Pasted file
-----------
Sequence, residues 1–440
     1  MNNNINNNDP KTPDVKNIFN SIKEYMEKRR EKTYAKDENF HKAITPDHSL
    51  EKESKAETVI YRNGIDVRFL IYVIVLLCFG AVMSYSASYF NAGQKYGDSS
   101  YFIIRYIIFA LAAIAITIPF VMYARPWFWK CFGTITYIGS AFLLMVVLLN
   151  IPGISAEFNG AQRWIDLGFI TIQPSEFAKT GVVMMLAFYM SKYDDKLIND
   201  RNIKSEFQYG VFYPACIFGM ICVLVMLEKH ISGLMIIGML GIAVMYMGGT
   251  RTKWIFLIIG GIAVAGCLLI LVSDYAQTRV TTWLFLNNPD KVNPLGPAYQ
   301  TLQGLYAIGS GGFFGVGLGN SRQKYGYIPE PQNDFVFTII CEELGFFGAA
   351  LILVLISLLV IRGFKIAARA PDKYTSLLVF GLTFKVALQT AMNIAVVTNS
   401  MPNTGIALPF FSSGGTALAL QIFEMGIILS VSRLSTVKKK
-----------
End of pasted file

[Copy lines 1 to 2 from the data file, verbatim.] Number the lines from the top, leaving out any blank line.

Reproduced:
Sequence, residues 1–440
     1  MNNNINNNDP KTPDVKNIFN SIKEYMEKRR EKTYAKDENF HKAITPDHSL